Wednesday 26 November 2014

A new species of Vetulicolian from the Early Cambrian of Kangaroo Island, South Australia.

Vetulicolians are an enigmatic group of Cambrian fossils known from the Chengjiang and Guanshan biotas of South China, Sirius Passet in Greenland and the Burgess Shale in western Canada. They have segmented bodies that caused them to be initially classified as Arthropods, but have never been found to have limbs, and the discovery of structures interpreted as gill slits, a mesodermal skeleton and a possible notochord have led to them being interpreted as Chordates (the group of animals that includes Vertebrates) in most modern studies, although opinions on how they might be related to other Chordates varies. 

In a paper published in the journal BMC Evolutionary Biology on 21 October 2014, Diego García-Bellido and Michael Lee of the School of Earth and Environmental Sciences and Environment Institute at the University of Adelaide and Earth Sciences Section at the South Australian Museum, Gregory Edgecombe of the Natural History Museum in London, James Jago of the Barbara Hardy Institute at the University of South Australia, James Gehling, also of the School of Earth and Environmental Sciences & Environment Institute at the University of Adelaide and Earth Sciences Section at the South Australian Museum and John Paterson of the Division of Earth Sciences at the University of New England describe a new species of Vetulicolian from the Early Cambrian Emu Bay Shale Konservat-Lagerstätte on Kangeroo Island in South Australia.

The new species is named Nesonektris aldridgei, where ‘Nesonektris’ means ‘island swimmer’ and ‘aldridgei’ honours the late Dick Aldridge, who led attempts to resolve the affinities of Vetulicolians. The species is described from over 150 specimens, the largest of which is 125 mm in length, but with incomplete specimens that suggest a maximum length of about 170 mm. The specimens have a roughly square forward section, with an oral margin connected to dorsal and ventral keels, a narrow lateral groove, and no trace of any gills. The rear part of the fossils comprises a series of seven segments apparently supported by a rod-like structure, with two lobes on the terminal segment connected by a flat notch.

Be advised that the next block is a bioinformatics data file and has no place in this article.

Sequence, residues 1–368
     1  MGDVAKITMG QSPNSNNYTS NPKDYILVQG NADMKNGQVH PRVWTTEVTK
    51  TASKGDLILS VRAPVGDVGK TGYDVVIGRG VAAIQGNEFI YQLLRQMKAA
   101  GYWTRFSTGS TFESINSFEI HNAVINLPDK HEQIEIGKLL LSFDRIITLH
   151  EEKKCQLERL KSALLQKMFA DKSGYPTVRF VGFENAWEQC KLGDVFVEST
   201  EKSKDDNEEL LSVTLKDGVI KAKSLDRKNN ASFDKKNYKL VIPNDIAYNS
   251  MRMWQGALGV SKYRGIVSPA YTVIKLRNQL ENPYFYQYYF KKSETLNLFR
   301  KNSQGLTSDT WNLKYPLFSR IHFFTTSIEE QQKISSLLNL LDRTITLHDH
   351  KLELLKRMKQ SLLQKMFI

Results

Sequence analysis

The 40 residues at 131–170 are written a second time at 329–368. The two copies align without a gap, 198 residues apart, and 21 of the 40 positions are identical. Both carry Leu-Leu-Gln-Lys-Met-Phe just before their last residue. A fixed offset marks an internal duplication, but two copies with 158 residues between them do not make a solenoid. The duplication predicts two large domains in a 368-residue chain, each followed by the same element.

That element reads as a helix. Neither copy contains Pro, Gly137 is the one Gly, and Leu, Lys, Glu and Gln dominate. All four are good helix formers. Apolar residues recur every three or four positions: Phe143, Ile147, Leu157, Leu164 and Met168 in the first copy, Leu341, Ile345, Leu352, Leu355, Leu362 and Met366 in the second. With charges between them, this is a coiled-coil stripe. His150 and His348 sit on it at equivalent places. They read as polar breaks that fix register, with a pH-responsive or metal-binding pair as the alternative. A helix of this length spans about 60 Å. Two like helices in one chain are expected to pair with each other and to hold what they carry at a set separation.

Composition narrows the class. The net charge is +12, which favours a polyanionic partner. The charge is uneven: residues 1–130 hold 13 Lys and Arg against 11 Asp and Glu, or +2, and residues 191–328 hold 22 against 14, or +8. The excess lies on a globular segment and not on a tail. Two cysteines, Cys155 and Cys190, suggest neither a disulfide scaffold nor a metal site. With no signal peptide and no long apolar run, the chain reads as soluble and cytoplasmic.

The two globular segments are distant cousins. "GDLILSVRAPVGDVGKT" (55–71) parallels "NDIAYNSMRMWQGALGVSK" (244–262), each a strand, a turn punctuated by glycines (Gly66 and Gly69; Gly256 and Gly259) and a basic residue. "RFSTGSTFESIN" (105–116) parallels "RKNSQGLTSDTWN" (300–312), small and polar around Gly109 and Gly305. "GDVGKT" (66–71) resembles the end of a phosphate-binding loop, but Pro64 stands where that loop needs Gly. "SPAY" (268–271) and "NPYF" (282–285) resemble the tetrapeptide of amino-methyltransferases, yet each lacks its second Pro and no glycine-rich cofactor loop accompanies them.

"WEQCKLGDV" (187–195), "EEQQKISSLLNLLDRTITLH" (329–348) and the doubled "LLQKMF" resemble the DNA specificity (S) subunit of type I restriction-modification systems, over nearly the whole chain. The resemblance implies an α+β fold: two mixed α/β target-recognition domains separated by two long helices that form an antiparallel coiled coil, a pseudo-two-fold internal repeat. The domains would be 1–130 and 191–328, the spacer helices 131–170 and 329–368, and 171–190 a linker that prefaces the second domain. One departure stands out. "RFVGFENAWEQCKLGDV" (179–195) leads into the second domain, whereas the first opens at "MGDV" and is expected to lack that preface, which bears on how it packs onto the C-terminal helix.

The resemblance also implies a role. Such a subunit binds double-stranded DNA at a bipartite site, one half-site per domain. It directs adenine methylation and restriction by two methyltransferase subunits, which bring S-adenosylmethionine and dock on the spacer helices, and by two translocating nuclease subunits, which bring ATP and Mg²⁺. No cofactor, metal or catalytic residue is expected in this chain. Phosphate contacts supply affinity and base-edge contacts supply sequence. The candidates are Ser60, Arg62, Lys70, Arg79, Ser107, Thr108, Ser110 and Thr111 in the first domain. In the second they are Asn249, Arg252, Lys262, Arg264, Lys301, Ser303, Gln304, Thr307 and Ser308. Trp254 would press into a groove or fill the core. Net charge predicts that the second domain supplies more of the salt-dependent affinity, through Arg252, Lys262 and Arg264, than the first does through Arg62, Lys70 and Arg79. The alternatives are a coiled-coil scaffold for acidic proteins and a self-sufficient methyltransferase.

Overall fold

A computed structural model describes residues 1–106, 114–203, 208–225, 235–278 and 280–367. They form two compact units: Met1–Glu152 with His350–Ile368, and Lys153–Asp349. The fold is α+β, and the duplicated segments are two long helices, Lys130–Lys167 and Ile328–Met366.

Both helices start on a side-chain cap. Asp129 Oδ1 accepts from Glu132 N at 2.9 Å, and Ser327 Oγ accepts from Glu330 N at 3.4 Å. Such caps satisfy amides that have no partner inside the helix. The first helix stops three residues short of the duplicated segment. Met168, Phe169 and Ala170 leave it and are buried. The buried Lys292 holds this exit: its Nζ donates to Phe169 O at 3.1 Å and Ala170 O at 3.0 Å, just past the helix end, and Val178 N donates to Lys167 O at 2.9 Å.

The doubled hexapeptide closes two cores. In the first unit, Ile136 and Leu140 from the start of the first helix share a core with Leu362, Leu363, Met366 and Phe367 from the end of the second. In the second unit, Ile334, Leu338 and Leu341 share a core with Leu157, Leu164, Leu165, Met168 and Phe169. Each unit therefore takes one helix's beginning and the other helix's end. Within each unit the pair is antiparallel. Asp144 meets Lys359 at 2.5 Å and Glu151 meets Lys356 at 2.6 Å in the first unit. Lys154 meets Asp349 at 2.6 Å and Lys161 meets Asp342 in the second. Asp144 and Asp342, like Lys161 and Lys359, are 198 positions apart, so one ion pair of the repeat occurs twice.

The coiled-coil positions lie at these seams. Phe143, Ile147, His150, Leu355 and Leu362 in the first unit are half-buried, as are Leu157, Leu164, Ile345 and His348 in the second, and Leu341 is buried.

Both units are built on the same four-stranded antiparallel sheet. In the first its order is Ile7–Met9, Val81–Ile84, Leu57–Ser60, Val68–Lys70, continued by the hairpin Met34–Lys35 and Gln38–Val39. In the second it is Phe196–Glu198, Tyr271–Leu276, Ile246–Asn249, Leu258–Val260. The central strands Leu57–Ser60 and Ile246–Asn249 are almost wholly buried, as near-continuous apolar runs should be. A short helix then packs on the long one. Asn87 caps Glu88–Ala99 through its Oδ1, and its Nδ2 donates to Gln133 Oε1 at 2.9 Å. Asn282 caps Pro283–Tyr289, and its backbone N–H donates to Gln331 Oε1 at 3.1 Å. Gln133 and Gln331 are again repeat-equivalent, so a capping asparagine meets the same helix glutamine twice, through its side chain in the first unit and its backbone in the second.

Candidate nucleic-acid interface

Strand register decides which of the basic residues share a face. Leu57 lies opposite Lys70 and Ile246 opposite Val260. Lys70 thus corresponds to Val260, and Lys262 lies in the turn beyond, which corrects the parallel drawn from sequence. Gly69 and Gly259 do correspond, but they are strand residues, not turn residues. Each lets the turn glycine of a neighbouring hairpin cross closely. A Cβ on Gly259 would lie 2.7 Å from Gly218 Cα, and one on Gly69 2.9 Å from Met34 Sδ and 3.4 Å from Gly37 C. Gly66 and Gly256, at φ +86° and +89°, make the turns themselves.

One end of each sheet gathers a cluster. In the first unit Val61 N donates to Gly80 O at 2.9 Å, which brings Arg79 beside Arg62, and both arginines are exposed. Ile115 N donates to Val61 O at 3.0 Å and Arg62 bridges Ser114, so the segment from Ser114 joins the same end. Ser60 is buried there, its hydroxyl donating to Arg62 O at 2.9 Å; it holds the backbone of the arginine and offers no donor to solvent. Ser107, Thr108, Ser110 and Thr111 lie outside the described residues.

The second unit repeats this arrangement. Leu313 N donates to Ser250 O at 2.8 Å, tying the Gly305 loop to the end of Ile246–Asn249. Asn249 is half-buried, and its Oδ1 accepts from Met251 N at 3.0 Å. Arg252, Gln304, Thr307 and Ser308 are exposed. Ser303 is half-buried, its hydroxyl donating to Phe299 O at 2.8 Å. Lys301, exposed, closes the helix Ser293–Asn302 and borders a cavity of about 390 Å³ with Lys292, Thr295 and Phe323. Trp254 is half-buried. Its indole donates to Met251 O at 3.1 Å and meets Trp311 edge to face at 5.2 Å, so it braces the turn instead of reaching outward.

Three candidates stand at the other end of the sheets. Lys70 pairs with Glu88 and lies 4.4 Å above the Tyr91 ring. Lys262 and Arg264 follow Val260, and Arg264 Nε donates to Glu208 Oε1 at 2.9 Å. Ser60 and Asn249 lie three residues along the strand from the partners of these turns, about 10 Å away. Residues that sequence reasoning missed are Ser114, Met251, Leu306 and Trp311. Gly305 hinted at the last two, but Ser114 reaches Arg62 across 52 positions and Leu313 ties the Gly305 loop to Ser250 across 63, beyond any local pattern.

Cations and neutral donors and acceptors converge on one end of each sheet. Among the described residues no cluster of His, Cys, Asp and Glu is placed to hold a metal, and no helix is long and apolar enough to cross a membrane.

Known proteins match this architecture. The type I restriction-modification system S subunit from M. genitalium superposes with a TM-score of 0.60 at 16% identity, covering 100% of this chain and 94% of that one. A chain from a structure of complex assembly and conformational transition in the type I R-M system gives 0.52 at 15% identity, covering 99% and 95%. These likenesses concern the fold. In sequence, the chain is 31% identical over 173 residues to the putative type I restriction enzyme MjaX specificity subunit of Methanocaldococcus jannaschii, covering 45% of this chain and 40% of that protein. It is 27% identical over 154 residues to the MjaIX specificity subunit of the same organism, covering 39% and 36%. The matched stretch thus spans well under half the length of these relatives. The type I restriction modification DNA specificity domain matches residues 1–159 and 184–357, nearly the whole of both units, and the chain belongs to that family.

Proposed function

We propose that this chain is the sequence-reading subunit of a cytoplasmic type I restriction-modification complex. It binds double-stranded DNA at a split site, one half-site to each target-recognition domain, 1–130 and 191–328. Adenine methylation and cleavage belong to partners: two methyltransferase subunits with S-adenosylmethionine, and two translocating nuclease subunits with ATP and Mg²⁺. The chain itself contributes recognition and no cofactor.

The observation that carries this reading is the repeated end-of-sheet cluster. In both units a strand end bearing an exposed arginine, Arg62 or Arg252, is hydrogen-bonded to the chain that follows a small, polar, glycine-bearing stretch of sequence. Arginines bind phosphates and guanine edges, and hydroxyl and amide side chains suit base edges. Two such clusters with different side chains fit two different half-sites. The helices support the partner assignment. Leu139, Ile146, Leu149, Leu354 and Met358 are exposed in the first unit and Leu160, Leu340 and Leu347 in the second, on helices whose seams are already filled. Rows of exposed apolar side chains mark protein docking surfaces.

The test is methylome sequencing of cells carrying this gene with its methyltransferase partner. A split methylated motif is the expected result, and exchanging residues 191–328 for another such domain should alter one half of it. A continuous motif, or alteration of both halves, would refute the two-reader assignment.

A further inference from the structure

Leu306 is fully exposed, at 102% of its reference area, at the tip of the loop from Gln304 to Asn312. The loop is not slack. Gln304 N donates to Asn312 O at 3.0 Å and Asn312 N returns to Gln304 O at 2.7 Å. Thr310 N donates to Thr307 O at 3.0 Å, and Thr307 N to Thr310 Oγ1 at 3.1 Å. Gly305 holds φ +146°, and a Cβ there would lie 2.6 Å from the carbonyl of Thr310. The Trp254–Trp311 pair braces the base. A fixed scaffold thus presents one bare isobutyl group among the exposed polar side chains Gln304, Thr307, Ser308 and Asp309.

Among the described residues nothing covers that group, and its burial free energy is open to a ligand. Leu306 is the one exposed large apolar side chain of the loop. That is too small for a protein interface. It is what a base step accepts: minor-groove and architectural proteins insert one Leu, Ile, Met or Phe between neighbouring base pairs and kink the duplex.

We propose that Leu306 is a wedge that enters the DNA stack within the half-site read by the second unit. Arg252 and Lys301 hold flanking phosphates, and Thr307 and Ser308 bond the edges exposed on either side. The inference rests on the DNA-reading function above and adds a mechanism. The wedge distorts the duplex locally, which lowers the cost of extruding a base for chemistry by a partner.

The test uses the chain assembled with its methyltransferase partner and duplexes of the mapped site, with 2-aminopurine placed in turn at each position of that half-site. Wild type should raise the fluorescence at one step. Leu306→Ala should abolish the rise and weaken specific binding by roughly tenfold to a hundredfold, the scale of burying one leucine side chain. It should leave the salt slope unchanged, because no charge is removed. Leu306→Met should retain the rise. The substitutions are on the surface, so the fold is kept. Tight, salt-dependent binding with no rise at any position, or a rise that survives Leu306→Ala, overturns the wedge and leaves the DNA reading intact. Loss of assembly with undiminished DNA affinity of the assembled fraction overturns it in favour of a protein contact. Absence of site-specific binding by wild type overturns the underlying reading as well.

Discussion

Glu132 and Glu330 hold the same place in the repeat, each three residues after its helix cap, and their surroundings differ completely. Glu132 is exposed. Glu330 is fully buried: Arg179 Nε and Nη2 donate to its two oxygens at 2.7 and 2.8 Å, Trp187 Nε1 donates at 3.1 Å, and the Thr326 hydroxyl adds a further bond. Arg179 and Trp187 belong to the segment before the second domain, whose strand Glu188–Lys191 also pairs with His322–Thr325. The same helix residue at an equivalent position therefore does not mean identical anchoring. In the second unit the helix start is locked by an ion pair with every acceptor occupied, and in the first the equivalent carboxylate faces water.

The Early Cambrian Vetulicolian Nesonektris aldridgei. (A–C) Specimen with distal end of posterior body region (S4–S7) folded over itself, anterior towards left; (A) part, anterior rim exposed by preparation (arrow points to cuticle wall under the rod); (B) counterpart, with severed notochord (detail in Figure 2B); (C) camera lucida drawing, grey indicates sediment infill; (D) nearly complete specimen, only lacking one side of anterior region body; (E) nearly complete specimen; (F) nearly complete but folded specimen; showing fold on anterior region (oblique arrow) and continuous connection between anterior and posterior body regions along the dorsal margin (vertical arrow); (G) reconstruction; abbreviations: dk = dorsal keel; eb = epibionts; ism = intersegmental membrane; lg = lateral groove; nc = notochord; om = oral margin; vk = ventral keel; S1–S7 = posterior body region segment number; scale bars, 5 mm. García-Bellido et al. (2014).